Monday, May 21, 2012

planner schmanner

Do you know what I hate about MS?  Oh well, there really aren't enough words to answer that question, but the one thing I'm thinking of today is ---I can never plan for anything.

Generally speaking I am a pretty disorganized person.  I never owned a Franklin Planner (uhhh, does that date me?), half of my life is written on a paper calendar and half of it is on an iToy. I like to say that I have too much creativity running rampant to organize my sock drawer or closet, but maybe that's just laziness.

Still though, sometimes I would like to be able to say, "Yes, on Thursday I would love to meet you for lunch."  That's the kind of crazy, outlandish planning I did back in my old life.  My pre-MS life.  I knew that barring a major natural disaster or a really bad hair day, I could plan on lunch and go to lunch on Thursday.

Not anymore.

I can't plan ahead.

I may have all the desire in the world to meet a friend for lunch on Thursday, but I know now that I may wake up Thursday morning barely able to get out of bed.

It stinks.

I mourn the time when my biggest problem was a bad hair day.

How about you?  Can you plan ahead?

Tuesday, May 8, 2012

Ann Romney

I don't want to talk about politics, but I do want to talk about Ann Romney. I don't want to talk about Mitt, their money or whether she "works" or not.

I do want to talk about the fact that she has MS.  Just like me. 

You see MS doesn't discriminate. According to the National MS society website,  In the United States today, there are approximately 400,000 people with multiple sclerosis (MS)—with 200 more people diagnosed every week. 

There are a whole lot of us. One big happy (?) party.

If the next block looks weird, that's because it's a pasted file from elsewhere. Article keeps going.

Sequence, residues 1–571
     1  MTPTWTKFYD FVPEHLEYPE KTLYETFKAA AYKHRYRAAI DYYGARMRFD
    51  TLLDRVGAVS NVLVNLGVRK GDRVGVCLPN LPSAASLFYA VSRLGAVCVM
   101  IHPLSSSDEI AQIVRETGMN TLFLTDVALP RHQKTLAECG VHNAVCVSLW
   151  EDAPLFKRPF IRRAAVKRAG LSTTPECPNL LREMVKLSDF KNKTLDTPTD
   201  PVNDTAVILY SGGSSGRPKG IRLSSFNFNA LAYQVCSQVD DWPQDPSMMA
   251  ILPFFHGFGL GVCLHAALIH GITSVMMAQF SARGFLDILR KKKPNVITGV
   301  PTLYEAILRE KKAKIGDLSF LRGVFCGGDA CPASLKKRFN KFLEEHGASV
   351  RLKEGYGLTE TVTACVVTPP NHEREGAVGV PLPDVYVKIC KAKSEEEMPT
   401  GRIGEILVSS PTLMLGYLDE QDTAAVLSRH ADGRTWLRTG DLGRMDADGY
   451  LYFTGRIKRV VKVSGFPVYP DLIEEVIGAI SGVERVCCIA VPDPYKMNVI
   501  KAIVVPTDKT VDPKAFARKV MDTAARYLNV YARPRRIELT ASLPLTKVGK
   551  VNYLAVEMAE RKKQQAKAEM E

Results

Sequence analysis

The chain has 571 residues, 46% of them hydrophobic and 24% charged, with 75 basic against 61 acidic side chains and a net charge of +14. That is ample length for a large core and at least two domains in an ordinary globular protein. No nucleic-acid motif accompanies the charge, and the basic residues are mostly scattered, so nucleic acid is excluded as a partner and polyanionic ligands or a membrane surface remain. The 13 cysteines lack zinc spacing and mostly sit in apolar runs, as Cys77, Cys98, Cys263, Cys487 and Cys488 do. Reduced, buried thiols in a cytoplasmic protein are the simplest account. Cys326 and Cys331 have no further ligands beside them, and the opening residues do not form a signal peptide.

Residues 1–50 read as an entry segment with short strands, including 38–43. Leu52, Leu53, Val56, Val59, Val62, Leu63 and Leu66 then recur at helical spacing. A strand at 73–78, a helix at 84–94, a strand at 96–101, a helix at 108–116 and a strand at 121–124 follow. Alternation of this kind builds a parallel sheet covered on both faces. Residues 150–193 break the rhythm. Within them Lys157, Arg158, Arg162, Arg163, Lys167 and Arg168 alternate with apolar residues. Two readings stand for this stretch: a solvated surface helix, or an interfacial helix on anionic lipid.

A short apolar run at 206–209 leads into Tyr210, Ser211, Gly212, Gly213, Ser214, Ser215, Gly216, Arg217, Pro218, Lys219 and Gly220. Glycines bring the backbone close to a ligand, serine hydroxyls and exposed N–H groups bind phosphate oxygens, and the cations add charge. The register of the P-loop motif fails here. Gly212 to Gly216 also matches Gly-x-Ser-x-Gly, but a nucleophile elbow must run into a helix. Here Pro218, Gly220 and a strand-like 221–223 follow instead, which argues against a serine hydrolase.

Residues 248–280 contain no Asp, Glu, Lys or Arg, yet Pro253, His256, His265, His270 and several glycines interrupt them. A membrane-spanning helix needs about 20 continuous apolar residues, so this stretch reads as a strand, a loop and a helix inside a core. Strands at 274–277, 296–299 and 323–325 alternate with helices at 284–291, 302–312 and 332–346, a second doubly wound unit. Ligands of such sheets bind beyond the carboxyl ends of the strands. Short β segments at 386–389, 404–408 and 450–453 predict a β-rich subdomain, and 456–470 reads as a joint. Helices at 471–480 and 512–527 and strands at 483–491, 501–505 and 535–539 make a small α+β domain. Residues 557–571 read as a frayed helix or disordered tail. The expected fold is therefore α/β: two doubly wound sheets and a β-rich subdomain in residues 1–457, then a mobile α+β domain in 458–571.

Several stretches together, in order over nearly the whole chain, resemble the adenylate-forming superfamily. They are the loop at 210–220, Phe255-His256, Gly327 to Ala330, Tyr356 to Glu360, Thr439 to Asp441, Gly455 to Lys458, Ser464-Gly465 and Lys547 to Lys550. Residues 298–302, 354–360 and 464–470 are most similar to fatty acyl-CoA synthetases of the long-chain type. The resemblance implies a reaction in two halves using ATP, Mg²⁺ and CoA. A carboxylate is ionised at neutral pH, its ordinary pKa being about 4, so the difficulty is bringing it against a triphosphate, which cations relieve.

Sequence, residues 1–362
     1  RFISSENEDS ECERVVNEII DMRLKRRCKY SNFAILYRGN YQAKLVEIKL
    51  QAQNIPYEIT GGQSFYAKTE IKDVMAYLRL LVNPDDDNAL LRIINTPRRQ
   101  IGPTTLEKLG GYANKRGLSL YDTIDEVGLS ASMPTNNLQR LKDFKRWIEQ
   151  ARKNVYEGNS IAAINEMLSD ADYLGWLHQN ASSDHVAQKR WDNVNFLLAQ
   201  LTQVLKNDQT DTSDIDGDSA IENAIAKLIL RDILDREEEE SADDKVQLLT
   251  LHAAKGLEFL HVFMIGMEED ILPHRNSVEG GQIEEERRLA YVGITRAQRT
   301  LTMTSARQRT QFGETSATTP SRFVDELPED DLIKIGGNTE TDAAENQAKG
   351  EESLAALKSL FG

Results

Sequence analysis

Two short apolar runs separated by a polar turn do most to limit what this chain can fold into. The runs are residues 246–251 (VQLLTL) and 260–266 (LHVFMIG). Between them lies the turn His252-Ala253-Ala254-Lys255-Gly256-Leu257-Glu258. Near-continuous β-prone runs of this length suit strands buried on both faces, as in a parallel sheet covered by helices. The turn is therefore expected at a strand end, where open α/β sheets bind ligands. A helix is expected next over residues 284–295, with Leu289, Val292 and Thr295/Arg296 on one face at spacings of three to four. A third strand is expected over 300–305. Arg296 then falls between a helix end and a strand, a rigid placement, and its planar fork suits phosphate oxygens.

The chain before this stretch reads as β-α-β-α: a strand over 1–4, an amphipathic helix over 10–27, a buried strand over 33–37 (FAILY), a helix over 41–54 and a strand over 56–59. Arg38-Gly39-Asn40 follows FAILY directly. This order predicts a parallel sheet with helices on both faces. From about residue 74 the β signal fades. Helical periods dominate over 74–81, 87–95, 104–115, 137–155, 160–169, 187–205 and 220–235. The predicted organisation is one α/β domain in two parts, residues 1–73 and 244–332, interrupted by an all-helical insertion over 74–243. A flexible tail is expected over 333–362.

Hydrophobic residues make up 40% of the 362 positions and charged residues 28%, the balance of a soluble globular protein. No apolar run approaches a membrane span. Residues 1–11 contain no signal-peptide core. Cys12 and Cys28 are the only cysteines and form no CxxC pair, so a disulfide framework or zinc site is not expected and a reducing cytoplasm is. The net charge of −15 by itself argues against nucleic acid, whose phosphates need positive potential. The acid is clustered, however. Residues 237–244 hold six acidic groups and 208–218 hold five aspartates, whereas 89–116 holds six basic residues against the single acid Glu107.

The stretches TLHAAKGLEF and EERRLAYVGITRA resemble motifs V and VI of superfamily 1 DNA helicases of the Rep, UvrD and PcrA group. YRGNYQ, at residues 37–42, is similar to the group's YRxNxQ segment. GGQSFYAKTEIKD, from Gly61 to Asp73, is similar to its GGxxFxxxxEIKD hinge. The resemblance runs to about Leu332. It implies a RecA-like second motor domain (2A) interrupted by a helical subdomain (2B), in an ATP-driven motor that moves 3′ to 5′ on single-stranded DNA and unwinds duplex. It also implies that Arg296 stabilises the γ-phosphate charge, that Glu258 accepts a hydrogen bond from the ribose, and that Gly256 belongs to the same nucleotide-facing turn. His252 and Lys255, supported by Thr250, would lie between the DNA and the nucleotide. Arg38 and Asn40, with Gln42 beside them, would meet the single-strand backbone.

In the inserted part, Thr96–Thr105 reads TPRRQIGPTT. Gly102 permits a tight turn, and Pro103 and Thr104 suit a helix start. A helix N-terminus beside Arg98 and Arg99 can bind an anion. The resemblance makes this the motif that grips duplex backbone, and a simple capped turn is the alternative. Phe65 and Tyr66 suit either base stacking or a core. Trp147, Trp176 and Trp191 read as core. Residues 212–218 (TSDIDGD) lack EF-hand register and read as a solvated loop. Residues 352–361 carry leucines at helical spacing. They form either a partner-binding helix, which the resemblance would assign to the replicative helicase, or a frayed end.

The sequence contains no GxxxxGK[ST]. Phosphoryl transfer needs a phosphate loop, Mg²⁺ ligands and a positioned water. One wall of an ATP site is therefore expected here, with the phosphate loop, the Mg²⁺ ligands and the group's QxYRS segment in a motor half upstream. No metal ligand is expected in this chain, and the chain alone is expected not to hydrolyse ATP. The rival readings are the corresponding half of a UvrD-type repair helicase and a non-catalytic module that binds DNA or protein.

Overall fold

Ann isn't alone in her celebrity MS status, Alan Osmond and his son David, Annette Funicello, Prichard Pryor and Montel Williams all have MS.

I don't really know if Ann will change her residency to 1600 Pennsylvania Avenue Northwest Washington, DC next January.  I hope though, that the current shine of the media spotlight on her life and naturally her MS, will be for the good. 

My hope is that, a possibly really, really famous person struggling with MS will help shine the media spotlight on the rest of us.

The rest of the big happy (?) party.




Friday, May 4, 2012

if I only had a brain


Yesterday I bought a weekly pill organizer.  Yes, just another hit on my pride. I previously thought pill boxes were for really old demented people or really sick people. I am only sort of old. And I like to pretend that I'm not sick.

Yet, I came to the conclusion that I need a pill box.  I take Gabapentin in the morning and at night. Several times this week at around 11am the strange thought came to my mind, "Did I take my pills or not this morning?"  I didn't know the answer. 

It seems that when you are in a routine of taking pills every single day, eventually those days begin to run together in your mind and all of a sudden you can't remember today's events from yesterdays.  It's annoying and embarrassing and a little funny all at the same time.  Seriously, by 11am I can't remember what I did at breakfast time?

So enter the fabulous pill box.  It's actually going to be pretty handy.  Today at 11am I realized I had not taken my pills (again! Hello?!) and the pill box confirmed this.  Maybe I should re-think those thoughts about "really old demented people" because that makes 4 days out of 5 this week that I have taken my medicine late.....